NASA: The second most important human-produced greenhouse gas after carbon dioxide, methane is colorless, odorless and can be hard to track. by Alan Buis and Robert Perkins
'The gas has a wide range of sources, from decomposing biological material to leaks in natural gas pipelines. In the early 2000s, atmospheric scientists studying methane found that its global concentration — which had increased for decades, driven by methane emissions from fossil fuels and agriculture — leveled off as the sources of methane reached a balance with its destruction mechanisms. The methane levels remained stable for a few years, then unexpectedly started rising again in 2007, a trend that is still continuing.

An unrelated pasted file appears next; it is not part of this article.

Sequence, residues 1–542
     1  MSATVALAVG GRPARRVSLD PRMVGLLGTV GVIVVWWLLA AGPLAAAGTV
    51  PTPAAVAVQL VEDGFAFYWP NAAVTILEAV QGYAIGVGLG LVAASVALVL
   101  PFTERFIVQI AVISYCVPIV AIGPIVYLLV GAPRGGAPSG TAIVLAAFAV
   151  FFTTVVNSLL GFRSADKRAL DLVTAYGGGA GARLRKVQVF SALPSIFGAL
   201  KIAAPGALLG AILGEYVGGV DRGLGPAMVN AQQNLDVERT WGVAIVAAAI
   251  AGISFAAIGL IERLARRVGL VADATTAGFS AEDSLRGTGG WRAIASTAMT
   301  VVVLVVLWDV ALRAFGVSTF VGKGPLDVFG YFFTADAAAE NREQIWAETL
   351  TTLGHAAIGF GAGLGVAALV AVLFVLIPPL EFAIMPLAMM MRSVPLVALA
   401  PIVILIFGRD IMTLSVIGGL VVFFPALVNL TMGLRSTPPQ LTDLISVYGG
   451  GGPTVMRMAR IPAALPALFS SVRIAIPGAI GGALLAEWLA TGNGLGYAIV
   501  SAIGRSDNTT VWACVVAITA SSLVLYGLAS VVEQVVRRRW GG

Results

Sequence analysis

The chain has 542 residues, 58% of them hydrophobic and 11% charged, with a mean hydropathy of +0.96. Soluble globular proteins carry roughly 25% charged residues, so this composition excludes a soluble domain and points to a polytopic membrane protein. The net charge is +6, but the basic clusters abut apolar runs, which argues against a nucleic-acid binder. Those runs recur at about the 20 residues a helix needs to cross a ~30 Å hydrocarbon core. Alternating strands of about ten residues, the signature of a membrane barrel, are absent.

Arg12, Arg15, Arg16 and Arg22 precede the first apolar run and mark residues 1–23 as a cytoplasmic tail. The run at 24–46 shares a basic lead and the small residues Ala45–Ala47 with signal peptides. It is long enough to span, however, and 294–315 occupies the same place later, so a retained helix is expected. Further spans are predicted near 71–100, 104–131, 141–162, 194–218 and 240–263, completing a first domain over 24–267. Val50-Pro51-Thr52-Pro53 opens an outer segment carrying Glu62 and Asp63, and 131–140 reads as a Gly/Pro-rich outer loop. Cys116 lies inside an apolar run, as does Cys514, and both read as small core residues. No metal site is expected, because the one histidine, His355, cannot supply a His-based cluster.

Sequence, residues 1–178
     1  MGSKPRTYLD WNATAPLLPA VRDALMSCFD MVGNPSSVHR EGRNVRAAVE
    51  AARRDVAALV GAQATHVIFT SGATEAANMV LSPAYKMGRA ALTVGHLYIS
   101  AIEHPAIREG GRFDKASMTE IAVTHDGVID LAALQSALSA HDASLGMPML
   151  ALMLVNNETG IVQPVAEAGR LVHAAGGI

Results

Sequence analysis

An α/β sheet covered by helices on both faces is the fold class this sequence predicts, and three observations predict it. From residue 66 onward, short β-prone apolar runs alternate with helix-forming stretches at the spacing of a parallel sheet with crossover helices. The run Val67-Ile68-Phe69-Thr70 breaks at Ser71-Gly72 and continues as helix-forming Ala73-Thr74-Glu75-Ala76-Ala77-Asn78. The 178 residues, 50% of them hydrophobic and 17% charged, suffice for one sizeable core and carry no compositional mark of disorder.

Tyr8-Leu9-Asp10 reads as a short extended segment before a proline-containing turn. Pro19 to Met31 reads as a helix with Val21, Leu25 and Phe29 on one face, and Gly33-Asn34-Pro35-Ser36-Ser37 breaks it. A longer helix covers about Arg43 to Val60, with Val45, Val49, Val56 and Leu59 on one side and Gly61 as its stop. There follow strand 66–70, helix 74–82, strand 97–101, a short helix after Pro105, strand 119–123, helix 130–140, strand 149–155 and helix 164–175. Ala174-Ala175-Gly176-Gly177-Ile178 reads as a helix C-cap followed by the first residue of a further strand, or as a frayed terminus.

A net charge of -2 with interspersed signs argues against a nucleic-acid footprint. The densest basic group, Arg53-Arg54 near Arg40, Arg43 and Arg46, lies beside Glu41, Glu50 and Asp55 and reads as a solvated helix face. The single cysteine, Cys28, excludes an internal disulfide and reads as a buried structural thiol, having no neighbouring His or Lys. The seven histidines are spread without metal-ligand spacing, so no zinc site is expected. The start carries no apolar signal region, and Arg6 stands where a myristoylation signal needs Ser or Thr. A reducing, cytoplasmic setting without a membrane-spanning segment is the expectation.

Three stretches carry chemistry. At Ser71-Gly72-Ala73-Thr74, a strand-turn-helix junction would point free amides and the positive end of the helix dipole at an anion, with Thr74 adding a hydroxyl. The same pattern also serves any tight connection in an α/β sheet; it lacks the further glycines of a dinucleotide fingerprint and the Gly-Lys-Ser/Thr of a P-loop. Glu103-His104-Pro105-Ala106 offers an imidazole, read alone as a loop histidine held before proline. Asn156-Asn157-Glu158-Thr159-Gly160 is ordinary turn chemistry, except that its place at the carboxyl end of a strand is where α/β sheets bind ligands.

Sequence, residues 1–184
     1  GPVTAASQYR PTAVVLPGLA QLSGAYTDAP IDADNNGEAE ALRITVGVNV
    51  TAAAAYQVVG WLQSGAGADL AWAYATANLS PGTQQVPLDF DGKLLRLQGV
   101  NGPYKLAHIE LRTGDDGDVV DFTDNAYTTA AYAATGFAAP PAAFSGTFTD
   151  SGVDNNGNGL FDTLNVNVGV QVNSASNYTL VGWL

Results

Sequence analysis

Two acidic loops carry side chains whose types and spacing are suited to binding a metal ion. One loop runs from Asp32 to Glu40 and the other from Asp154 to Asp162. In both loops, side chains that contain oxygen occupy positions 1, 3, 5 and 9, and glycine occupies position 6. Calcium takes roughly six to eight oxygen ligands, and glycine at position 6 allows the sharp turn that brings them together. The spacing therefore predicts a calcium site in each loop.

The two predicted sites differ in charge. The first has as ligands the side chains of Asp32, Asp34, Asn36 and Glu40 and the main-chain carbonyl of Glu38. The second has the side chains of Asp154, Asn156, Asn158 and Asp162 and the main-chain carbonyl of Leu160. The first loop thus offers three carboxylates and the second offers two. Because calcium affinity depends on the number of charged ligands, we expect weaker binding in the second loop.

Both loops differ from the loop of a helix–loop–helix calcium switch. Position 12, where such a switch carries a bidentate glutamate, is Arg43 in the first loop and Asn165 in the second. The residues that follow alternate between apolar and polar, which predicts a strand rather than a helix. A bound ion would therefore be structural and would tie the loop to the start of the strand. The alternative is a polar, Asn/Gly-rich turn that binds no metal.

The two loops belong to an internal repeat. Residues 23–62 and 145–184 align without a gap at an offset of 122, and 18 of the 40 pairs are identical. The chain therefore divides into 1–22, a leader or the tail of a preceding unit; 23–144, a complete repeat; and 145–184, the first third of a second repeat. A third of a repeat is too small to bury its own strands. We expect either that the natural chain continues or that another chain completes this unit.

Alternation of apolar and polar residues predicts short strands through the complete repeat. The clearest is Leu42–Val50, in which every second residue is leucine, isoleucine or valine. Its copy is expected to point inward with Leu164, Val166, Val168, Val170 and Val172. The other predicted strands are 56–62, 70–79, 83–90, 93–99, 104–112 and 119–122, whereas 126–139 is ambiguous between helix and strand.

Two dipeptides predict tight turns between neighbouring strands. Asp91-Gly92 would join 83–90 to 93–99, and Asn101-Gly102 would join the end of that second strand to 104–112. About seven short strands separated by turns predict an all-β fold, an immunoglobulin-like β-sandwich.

'Previous studies of the renewed increase have focused on high-latitude wetlands or fossil fuels, Asian agricultural growth, or tropical wetlands as potential sources of the increased emissions. But in a study published today in the early online edition of the Proceedings of the National Academy of Sciences, researchers at Harvard University in Cambridge, Massachusetts; Caltech in Pasadena, California; and NASA's Jet Propulsion Laboratory, also in Pasadena, suggest that methane emissions might not have increased dramatically in 2007 after all.'